The Art of Healing and Truth-Telling
Jericho Books, Hardcover, 9781455519064, 224pp.
Publication Date: March 12, 2013
Becca Stevens calls herself a "snake oil seller": She takes natural oils, mixes them with a good story, sells them in an open market and believes they help to heal the world. Becca is the founder of Thistle Farms, one of the most successful examples in the US of a social enterprise whose mission is the work force. She is also the founder of its residential program, Magdalene. The women of Magdalene/Thistle Farms have survived prostitution, trafficking and addiction, and the natural body care products they manufacture-balms, soaps, and lotions-aid in their own healing as well as that of the people who buy them. The book weaves together the beginnings of the enterprise with individual stories from Becca's own journey as well as 20 women in the community.
In "Snake Oil," Becca tells how the women she began helping fifteen years ago have been the biggest source of her own healing from sexual abuse and her father's death as a child. Wise and reflective, Snake Oil offers an empowering narrative as well as a selection of recipes for healing remedies that readers can make themselves.
Stevens was awarded an honorary doctorate in divinity and inducted into the Tennessee Women's Hall of Fame in 2013. In 2011 she was named one of 15 "Champions of Change" by the White House. To date, she has raised more than $14 million for the organizations she supports. Stevens lives in Nashville with her husband, Grammy-winning songwriter Marcus Hummon, and their three sons.
"She will reach out to you in these pages...formidable, beautiful, brilliant."—Jacki Lyden, host and correspondent, NPR News
"SNAKE OIL is one of the best reads I have had in a very long time. Stevens is a consummate storyteller...poignant, persuasive, witty, wise and, ultimately, a passionate lover of God."
—Phyllis Tickle, lecturer on religion in America and author of Emergence Christianity: What it Is, Where it is Going, and Why it Matters
"A simple, comforting reflection on one woman's crusade to make a difference in the world."—Kirkus Reviews
"Rich and insightful."—Booklist
"SNAKE OIL, Becca Stevens' profound and sensual autobiography, carries a weight of joy in every syllable. Stevens' greatest gift--as a writer and as an Episcopal priest--is an ability to make falling in love with God an inevitable, sacred, and necessary reality."
—Alice Randall, author of The Wind Done Gone and Ada's Rules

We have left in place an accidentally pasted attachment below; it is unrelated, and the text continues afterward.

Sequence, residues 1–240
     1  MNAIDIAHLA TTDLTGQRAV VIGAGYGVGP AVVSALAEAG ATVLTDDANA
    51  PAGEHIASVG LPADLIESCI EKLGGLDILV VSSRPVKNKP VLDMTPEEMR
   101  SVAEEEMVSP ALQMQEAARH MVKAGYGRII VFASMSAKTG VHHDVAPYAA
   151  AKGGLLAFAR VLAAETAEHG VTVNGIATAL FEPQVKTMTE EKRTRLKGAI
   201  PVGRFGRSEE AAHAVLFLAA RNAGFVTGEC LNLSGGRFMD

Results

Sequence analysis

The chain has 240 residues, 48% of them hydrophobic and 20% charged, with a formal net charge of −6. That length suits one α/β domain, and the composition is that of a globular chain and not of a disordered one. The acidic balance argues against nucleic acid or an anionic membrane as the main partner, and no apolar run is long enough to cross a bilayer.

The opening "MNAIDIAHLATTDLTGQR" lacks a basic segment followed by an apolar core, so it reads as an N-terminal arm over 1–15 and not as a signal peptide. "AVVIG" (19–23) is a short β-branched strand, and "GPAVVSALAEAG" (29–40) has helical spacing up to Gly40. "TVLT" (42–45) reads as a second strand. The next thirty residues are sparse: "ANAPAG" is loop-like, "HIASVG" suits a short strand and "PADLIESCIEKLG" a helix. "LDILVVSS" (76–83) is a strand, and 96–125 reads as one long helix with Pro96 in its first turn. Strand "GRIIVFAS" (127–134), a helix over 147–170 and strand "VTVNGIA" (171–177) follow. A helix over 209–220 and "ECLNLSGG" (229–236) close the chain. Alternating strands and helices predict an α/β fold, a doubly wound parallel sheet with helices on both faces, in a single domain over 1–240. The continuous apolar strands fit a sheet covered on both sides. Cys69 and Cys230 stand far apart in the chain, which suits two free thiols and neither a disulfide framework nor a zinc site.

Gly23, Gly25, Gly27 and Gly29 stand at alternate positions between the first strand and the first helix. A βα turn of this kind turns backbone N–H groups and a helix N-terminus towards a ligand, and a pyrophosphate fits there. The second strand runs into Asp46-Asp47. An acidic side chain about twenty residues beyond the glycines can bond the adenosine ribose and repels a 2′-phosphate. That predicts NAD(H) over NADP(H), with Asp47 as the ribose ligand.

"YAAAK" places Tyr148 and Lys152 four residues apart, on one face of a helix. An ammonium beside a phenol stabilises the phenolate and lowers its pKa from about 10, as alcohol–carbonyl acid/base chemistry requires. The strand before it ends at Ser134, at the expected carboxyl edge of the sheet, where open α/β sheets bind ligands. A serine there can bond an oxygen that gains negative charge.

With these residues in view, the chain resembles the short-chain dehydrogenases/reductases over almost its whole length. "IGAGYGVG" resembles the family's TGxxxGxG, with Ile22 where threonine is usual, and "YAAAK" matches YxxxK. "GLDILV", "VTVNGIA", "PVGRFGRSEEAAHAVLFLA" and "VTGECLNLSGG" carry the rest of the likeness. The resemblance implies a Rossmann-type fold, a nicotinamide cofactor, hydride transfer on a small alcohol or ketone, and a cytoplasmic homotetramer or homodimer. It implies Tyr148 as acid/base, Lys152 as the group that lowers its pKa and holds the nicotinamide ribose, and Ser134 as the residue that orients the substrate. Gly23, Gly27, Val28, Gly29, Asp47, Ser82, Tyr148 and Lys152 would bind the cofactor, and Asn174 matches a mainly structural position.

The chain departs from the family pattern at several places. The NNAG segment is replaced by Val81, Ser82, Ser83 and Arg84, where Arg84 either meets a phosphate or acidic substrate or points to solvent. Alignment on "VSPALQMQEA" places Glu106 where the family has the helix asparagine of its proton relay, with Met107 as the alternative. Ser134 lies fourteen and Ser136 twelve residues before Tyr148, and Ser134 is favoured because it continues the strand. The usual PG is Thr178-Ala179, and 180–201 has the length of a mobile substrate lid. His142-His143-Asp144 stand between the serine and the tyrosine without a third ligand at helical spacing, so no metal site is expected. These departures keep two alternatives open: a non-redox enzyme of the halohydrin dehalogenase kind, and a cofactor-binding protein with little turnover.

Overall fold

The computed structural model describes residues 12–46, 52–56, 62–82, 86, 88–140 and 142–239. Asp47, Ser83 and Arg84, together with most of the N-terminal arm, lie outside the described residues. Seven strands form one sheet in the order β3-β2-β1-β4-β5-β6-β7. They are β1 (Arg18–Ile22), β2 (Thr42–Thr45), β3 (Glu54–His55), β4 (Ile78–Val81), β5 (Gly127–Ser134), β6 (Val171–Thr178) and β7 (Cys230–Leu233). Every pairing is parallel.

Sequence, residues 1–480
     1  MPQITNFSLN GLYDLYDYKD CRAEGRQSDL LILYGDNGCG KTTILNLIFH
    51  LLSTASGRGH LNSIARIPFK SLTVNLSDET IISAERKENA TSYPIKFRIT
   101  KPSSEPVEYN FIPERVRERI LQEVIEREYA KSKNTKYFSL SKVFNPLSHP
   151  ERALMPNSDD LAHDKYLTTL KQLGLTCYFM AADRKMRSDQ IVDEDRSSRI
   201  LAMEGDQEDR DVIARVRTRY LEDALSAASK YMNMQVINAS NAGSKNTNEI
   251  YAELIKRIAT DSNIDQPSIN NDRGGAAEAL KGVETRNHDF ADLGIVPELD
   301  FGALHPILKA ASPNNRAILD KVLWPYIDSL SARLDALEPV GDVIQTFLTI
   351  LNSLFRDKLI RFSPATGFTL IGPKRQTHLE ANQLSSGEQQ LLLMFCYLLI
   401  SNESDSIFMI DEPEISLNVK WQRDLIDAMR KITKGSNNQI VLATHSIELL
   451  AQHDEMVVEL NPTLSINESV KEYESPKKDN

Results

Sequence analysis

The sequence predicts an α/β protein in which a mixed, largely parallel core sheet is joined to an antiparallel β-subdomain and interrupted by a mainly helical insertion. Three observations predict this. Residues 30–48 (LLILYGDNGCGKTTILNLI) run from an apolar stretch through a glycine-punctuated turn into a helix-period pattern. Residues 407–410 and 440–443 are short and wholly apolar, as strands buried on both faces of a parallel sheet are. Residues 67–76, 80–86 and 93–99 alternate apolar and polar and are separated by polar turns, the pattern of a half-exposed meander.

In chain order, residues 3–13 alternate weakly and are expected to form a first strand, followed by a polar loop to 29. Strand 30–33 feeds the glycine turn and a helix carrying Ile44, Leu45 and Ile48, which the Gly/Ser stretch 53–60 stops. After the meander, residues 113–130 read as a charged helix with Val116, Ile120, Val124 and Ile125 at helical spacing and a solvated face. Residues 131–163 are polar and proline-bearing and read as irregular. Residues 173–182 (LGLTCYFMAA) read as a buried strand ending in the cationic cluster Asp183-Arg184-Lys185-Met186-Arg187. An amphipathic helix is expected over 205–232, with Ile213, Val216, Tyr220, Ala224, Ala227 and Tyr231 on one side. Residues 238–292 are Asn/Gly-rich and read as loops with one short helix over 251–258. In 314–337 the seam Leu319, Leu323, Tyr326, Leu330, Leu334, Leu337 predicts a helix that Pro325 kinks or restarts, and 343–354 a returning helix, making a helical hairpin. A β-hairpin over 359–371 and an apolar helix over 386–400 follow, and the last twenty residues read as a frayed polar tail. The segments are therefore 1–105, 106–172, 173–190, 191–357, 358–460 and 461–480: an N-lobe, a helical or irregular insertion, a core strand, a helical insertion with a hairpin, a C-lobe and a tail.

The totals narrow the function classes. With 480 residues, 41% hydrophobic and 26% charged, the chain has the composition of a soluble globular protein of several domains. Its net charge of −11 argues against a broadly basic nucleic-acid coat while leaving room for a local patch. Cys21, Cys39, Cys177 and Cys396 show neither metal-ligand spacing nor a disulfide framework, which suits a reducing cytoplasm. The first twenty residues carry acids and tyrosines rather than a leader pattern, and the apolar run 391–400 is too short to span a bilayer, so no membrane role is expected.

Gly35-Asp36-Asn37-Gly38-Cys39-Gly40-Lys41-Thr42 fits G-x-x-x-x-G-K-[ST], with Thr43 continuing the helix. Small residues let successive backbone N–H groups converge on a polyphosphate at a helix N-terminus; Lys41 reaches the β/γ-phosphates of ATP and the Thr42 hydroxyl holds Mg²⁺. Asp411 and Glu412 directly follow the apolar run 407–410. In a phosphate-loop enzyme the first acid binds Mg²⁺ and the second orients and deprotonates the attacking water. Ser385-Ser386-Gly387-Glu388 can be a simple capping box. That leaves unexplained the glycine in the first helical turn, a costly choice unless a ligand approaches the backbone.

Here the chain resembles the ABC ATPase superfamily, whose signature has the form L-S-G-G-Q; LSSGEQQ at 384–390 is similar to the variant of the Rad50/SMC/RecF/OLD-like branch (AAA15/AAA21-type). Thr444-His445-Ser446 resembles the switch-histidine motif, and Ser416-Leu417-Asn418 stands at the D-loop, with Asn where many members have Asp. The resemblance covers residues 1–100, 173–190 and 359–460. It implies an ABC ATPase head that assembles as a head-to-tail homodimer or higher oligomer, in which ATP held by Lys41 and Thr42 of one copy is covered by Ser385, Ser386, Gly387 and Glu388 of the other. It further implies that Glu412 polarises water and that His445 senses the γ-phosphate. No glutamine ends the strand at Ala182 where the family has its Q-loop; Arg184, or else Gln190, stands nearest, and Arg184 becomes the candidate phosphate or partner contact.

"In her new book, Becca Stevens does more than reclaim the term Snake Oil, she tells a personal story of reclaiming life, hope, and grace. A truly inspiring read of painful hardships, enduring faith and seizing hope."—Senator Bill Frist, M.D.
"With her signature poetic simplicity, Becca Stevens leads us bravely through her healing journey and along the path she has forged for so many wounded women-so that we can find our own way as both healed and healer. Reading this book is like being anointed with the very oils she writes about."—Nancy Rue, Christy Award-winning author of The Reluctant Prophet trilogy, inspired by Magdalene and Thistle Farms
"I always think of Becca Stevens as a sort of extraordinary, down-to-earth angel--conscience, guide, inspiration and girlfriend all rolled into one. I will treasure this book."—Lee Smith, author of Mrs. Darcy and the Blue-Eyed Stranger
"Only Becca Stevens can write a book extolling the virtues of being a snake oil salesman, and have us believe it. After reading this, I'm ready to be anointed!"—Marshall Chapman, author of They Came to Nashville and Goodbye, Little Rock and Roller
"Some old-timey snake-oil salesmen offered the Gospel and then sold their products. Becca Stevens does it the other way around. This book helps explain why her way works better."—Don Schlitz, Grammy Award-winning songwriter
"This book is a fascinating life story of a woman who took the evil done to her and used it for the motivation to do good for abused women around the world. She has been God's instrument for healing and hope for countless numbers of broken women across America."—Tony Campolo, PhD, Eastern University